It shows up in many forms for musicians — the I HATE TO SELF-PROMOTE syndrome. I had 4 conversations this past week with musicians who were struggling with versions of this issue and wanted help. It’s a real problem, because it’s a symptom of a mindset that creates barriers between you and your audience. And between you and your potential supporters and collaborators.
What’s even worse, musicians who hate to self-promote typically avoid doing it, and this of course limits their career growth—effectively cutting it off at the knees.
But self-promotion feels icky
I get it. We were all taught that it’s rude to brag. And nobody wants to come across like a cheesy used car salesman.
We hate being bombarded with advertising messages day in and day out. We worry that our self-promotion will come across as arrogant and obnoxious. And we’ve all seen lots of bad examples of musicians’ promo that’s over the top.
Nevertheless, the music industry is crowded, so in order to get on people’s radar screens musicians need to self-promote.
The good news is there IS help for musicians who hate to self-promote. You CAN self-promote without being pushy or awkward. And without coming across as defensive, resentful, aggressive—or apologetic and self-defeating. (I’ve seen all of these and more.)
So what’s the answer? Change your mindset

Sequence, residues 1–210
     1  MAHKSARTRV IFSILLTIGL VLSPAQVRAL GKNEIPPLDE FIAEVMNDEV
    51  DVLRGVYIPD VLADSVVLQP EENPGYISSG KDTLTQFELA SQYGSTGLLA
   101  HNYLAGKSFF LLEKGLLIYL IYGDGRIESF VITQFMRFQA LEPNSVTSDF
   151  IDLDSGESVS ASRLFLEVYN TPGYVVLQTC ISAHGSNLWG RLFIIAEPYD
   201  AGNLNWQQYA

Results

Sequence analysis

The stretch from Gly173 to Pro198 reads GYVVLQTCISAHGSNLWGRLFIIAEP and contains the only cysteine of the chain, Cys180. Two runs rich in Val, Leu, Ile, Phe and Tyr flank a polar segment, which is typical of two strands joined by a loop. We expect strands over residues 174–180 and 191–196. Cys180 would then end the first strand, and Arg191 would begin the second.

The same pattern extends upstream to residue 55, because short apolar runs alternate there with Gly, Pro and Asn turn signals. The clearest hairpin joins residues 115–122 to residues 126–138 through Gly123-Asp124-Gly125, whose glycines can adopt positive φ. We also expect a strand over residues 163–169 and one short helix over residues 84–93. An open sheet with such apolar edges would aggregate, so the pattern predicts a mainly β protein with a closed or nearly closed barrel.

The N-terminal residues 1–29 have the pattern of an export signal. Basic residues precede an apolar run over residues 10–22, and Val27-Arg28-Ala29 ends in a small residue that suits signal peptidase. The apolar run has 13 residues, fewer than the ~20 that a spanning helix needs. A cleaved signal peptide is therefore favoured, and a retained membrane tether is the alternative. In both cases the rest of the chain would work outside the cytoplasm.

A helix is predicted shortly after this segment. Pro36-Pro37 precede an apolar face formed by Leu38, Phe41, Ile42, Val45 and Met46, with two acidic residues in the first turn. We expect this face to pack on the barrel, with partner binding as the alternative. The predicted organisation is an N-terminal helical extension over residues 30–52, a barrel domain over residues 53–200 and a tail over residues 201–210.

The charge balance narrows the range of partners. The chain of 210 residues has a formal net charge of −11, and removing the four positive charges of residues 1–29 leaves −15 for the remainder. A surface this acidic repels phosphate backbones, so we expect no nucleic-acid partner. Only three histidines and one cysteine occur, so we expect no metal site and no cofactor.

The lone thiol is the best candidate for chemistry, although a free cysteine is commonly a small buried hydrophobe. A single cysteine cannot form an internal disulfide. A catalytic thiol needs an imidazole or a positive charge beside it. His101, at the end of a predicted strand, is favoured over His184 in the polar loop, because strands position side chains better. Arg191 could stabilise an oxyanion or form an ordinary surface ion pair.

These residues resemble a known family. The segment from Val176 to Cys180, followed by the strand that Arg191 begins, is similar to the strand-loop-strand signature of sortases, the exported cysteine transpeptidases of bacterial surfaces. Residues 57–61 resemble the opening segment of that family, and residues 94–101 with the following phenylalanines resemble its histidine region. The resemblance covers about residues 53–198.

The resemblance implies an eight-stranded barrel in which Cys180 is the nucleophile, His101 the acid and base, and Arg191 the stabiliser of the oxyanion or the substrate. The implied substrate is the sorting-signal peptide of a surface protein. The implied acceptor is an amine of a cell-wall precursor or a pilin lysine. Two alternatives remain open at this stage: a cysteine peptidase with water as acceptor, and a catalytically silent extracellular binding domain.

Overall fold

Here’s Veronika Palovska’s perspective from her excellent newsletter piece on self-promotion: she titles this segment . . .
“The life-changing magic of changing your focus
We’re afraid of self-promo because we don’t want others to think that we’re bad people. We want everyone to like us.
And that’s normal.
Now, let’s think about egoists: people who brag, boast, and thump their chests. Why do they do it?
It’s the same reason. They want others to like them.
The thing is, both shameless self-adulation and the fear of self-promotion focus on the SELF. The motivation is the same: to control what others think of you.”
But in fact, Veronika writes,
“You have little power over other people’s opinions.”
And the sooner you realize and accept this fact, the freer you’ll be.
Newsflash: Your music isn’t going to be for everybody. In the same way that everyone you meet isn’t going to be your BFF.
Veronika includes this quote—
“‘No matter who you are, no matter what you do, no matter who your audience is: 30 percent will love it, 30 percent will hate it, and 30 percent won’t care.’ — James Altucher, Choose Yourself
So, instead of trying to appeal to everyone, you can save your time and energy and focus on your 30 percent. The rest doesn’t matter.
And instead of focusing on the self, you can shift your attention towards something bigger than you.”
In short, Veronika advises that we . .
“Take the ‘self’ out of self-promotion”
It’s not about YOU. It’s about your music, your mission, and making a contribution—it’s all about connecting with OTHER people.
This means being real, being open-hearted, human, and vulnerable in your communications. Knowing full well that you’ll be rejected by some. Remember, rejection is part of the game. In fact, it’s part of the job.
The best way I know to reframe self-promotion is to see it as a two-way conversation with invitations—you are inviting people to check out your music. You are inviting them to have a shared experience with you in your live performances.